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Advocating for Physical Education

UMD instructor on steps at Capital Hill
March 7, 2019

UMD instructor on Capitol Hill this week.

UMD physical education instructor Lisa Rahkola is in Washington D.C. this week, advocating for the Every Student Succeeds Act (ESSA), which identifies school health and physical education as part of a student’s well-rounded education.

Rahkola is joining more than 150 colleagues at the nation’s capital to take part in the SHAPE America – Society of Health and Physical Educators 12th annual member advocacy day, SPEAK Out! Day, on March 5 and 6, 2019.

“I chose to participate in SpeakOut day because I have a strong passion for health and physical education, and as an instructor at UMD teaching future professionals in a teacher preparation program, it is even more crucial for me to advocate for our profession and ensure lawmakers understand the importance of our work,” says Rahkola.

She's asking lawmakers to fully fund the federal education program Title IV, Part A, Student Support and Academic Enrichment Grants, under ESSA– allowing schools to receive funding to support a well-rounded education, safe and healthy student programs, and effective use of technology. Congress funded Title IV, Part A at $1.1 billion and $1.17 billion in FY18 and FY19, respectively.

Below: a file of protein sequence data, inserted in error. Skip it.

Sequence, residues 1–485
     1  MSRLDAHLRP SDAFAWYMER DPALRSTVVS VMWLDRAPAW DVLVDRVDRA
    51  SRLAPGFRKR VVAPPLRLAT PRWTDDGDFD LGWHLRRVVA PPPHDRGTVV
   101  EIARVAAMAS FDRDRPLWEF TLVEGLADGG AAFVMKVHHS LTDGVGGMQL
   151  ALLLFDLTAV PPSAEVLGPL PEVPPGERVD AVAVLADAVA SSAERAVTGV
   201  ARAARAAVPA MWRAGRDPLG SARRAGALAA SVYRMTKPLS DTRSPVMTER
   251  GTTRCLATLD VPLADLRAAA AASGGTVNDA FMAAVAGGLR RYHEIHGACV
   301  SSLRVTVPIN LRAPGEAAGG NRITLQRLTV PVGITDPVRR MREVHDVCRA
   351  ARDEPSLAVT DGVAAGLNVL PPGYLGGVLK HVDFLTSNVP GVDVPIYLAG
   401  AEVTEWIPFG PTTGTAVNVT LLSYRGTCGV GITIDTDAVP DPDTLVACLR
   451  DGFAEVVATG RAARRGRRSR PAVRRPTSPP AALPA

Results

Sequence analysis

“Under this block grant, we are competing with many other subject areas and programs for financial support,” says Rahkola. “We need to make sure that the pot of money is as large as possible to ensure that health and physical education programs will have the chance to access at least a portion of that funding.”

During these Capitol Hill meetings, Rahkola joins other teachers and advocates to offer insight and perspective on the negative impact of marginalizing health and physical education in schools. They will also share success stories and the links that exist between health, physical education, and social emotional learning, and academic achievement.

UMD instructor and her peers advocating for physical education at the Nation's capital

Learn more about UMD"s Department of Applied Human Sciences.